4. What are your personal values? Who and/or what inspired them and how do these values affect your decision-making process?

I value my relationship with God foremost, because it serves as a guide with how I move – in business and in my personal relationships. I value my health and the things I put into my body. I value healthy friendships and relationships with the people around me. And I value doing things intentionally and with excellence. 

5. Technology and online communication/meetings/social has definitely changed over the years. Do these things help or hinder your growth – or both?

I am an introvert, so naturally, I am very comfortable being alone. In today’s world, it’s so easy to get caught up in your phone or on social media and hide or be distracted. Having a conversation on the phone versus having a conversation with someone in-person is very different, so for me, I am really intentional on maximizing human interaction and cultivating relationships that don’t rely so heavily on technology or online communication. I am probably one of few people who still has a house phone, and I take pride in tucking away my cell phone to not be a slave to the many mainstream apps and platforms that make up our world.

6. Where is the farthest you’ve traveled and what is a thing or two you learned from the experience? And what surprised you?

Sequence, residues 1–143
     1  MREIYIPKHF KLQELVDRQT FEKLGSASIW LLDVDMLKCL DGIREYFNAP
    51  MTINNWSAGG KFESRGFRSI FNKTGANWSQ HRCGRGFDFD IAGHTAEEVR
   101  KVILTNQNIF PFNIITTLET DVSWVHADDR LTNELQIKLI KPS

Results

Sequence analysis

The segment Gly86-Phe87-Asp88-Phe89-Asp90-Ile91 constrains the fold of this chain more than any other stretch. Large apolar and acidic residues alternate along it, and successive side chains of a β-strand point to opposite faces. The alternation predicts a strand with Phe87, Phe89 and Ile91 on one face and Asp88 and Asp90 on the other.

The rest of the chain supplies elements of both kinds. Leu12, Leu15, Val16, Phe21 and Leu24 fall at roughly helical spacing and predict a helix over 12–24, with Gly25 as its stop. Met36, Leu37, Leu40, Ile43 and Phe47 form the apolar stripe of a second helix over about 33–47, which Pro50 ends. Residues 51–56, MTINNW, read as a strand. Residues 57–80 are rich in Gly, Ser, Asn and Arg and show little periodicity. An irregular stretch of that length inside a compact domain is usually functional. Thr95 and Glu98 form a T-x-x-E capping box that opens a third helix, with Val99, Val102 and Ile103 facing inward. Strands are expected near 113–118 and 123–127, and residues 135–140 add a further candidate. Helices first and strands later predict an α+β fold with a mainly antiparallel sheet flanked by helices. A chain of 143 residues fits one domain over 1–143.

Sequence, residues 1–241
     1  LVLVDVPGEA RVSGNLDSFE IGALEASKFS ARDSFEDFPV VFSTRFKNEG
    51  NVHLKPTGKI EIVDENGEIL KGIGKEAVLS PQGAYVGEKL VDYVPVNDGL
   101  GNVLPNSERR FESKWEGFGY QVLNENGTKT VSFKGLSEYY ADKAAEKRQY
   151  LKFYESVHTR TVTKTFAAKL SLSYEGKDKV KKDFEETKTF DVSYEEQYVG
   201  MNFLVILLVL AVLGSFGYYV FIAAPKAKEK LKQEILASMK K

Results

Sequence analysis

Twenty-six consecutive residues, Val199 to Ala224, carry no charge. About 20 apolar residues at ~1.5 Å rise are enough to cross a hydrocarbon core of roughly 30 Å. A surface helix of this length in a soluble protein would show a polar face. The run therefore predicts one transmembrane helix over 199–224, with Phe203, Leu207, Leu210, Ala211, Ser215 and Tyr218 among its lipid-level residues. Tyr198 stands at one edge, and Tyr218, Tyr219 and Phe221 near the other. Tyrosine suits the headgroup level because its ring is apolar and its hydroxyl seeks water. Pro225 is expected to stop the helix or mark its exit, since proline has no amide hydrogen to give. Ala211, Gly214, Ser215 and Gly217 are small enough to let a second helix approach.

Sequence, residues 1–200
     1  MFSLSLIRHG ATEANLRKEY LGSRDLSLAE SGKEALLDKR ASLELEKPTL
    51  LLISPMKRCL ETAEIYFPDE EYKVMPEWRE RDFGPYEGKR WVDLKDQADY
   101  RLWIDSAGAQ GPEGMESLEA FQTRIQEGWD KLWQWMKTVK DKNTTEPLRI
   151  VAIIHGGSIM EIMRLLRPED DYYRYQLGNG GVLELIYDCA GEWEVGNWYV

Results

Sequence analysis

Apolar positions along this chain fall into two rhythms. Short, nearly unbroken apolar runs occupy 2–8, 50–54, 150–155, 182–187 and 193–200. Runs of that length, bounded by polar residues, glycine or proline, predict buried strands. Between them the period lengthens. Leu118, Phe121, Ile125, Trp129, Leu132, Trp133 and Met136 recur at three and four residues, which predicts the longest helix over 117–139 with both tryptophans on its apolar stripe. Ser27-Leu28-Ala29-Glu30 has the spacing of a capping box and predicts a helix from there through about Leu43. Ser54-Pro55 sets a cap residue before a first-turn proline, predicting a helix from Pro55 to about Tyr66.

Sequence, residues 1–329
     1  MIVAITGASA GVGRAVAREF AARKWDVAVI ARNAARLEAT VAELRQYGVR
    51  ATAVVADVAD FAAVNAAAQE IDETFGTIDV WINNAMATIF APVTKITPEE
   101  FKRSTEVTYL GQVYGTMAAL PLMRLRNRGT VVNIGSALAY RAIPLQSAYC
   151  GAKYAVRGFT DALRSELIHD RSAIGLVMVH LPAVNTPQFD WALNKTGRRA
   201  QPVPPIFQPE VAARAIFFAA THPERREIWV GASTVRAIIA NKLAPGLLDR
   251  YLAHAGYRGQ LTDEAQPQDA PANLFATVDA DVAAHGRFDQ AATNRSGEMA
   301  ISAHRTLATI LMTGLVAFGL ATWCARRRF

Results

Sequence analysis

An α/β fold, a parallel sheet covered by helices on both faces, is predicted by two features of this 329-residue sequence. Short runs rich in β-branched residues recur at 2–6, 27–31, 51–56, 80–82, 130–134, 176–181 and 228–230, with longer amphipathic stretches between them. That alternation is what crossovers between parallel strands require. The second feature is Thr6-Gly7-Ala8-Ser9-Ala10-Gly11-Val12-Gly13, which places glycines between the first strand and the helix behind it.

The farthest I’ve traveled is to Puerto Rico. I cannot fly past four hours, something I’m working on. I think it’s always important to be aware and conscious of other culture’s customs. In my family, we don’t have a lot of traditions, so I’m always super appreciative to learn of the other traditions that exist. I was surprised to learn about the popularity of cockfighting in Puerto Rico.

7. What are your favorite art forms? How do you challenge yourself to actively engage in the arts?

I can appreciate architecture and I enjoy the theater. I love listening to music, especially movie scores. In fact, while most people are looking at a movie and enjoying the scenes or dialogue, my mind is often occupied with the score. I’ll even go so far as Googling who the composer is in a movie and playing back the music once the movie is over.

8. How do you/your work move Milwaukee forward?

I’d like to think that I am moving Milwaukee forward by showing others how to be intentional and doing what one is designed to do. I have worked in many spaces – small businesses, nonprofits, corporations – which has allowed me to make an impact on many young people.

With publishing at 49, I am happy to demonstrate that it’s OK to pivot; it’s okay to have a career shift, and it’s never too late to explore or further discover that “new heartbeat” you may be feeling. I will be 52 in April, and I feel like I’m just starting to live all over again. 

Molly Snyder started writing and publishing her work at the age 10, when her community newspaper printed her poem, "The Unicorn.” Since then, she's expanded beyond the subject of mythical creatures and written in many different mediums but, nearest and dearest to her heart, thousands of articles for OnMilwaukee.

Molly is a regular contributor to FOX6 News and numerous radio stations as well as the co-host of "Dandelions: A Podcast For Women.” She's received five Milwaukee Press Club Awards, served as the Pfister Narrator and is the Wisconsin State Fair’s Celebrity Cream Puff Eating Champion of 2019.